WHAT WENT BEFORE: China-based offshore gaming firms in PH | Inquirer News

WHAT WENT BEFORE: China-based offshore gaming firms in PH

07:26 AM July 30, 2019
Pogo workers in their midst: Notes from an ‘invasion’

CLOSED A pedestrian walks past China Food City, a “Chinese only” food complex that was closed by the Las Piñas city government for operating without sanitation and other permits

MANILA, Philippines — Government authorities are ambivalent about the sudden presence of Chinese workers and the operation of China-based offshore gaming companies in the country.

The city governments of Parañaque, Las Piñas and Makati, for example, shuttered nearly 40 Chinese-owned or -managed restaurants in June for violating local ordinances on sanitary and operation permits and also for limiting their customers to Chinese nationals.


The Department of Finance (DOF) has decided to take advantage of their presence by forging an agreement with the biggest Philippine offshore gaming operator (Pogo) in order to collect P2 billion a month in withholding tax.

But the Philippine Amusement and Gaming Corp. (Pagcor) wants a gentler approach, warning that numerous deductions could compel Pogos to move their business to another country.


Meanwhile, one real estate company sees the Chinese presence as jacking up property sales and rentals, especially in the so-called Bay Area, the fancy term now used to refer to parts of Manila, Pasay and Parañaque near Manila Bay.

News reports have noted that almost all of the “Chinese only” restaurants padlocked by local officials are located beside or very near buildings that host Pogos based in China, where gambling is illegal.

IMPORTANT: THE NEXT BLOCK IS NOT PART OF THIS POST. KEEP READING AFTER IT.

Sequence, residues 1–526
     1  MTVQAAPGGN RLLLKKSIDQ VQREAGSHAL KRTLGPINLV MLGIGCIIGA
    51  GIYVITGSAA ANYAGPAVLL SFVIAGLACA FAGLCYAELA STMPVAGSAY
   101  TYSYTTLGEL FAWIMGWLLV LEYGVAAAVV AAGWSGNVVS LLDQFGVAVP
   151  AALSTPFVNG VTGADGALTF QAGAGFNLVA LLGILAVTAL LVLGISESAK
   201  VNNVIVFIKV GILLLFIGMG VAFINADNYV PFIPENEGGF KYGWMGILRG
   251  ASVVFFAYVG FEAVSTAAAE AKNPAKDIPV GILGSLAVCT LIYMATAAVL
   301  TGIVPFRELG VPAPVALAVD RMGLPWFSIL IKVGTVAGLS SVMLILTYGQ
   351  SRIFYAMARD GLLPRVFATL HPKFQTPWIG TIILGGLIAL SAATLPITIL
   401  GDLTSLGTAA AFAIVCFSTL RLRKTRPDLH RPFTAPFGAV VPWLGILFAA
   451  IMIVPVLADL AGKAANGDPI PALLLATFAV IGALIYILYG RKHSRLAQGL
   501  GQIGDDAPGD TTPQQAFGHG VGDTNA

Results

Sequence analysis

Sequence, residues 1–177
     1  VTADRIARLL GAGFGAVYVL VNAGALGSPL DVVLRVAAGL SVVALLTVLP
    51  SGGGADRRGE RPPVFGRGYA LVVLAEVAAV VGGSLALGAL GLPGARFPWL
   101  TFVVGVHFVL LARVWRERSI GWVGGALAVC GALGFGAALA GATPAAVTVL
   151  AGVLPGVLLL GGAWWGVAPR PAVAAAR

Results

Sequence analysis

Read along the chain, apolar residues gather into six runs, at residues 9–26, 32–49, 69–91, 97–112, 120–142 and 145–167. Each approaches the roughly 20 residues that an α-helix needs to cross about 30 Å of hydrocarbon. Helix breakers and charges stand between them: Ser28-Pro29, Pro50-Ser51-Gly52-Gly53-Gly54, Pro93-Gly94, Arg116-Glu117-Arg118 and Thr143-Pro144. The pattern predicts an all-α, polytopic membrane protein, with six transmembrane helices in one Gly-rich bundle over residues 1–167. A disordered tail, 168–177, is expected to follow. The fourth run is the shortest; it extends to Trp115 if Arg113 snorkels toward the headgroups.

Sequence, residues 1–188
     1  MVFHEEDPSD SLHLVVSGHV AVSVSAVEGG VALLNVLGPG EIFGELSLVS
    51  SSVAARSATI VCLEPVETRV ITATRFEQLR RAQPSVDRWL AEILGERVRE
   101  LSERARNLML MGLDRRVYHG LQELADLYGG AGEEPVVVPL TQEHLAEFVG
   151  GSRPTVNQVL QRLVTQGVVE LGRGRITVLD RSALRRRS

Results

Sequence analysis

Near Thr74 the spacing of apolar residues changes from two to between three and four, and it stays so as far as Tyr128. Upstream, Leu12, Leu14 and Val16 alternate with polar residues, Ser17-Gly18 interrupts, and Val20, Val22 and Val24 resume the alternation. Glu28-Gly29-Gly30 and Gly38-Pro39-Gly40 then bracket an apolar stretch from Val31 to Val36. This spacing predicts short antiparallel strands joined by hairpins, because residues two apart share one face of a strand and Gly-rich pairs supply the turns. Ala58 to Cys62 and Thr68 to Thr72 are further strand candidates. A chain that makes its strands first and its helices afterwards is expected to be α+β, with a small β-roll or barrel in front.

Pogos have been described as either “casinos” providing online gaming services for China-based players or “call center-type operations.”


China Food City, a sprawling complex of food stalls in Las Piñas, was in the news last month after locals complained of being turned away by guards because the place catered only to Chinese nationals. A raiding team sent by the local government discovered that the food court did not dispose of food waste properly and that only one of the 30 stalls had a business license and a permit to operate.

Parañaque authorities quickly followed suit, closing down 33 Chinese-owned establishments believed to be using Filipino dummies. Mayor Edwin Olivarez said the restaurants also barred Filipino diners and that the signs and menus were written in Chinese characters.

The establishments also allegedly committed assorted violations of local ordinances.


In Makati’s Palanan community, local licensing officers recently shuttered two Chinese restaurants lacking business permits.

Growing concern

According to the Bureau of Immigration, more than 3 million Chinese nationals arrived in the country from 2016 to 2018.

Their growing number is now cause for concern among southern Metro Manila communities. This is because their generous offers to pay rent for apartments, houses and condominium units by as much as triple the original rate are encouraging Filipino property owners to prematurely terminate lease contracts with local lessees in favor of “better-paying” Chinese workers.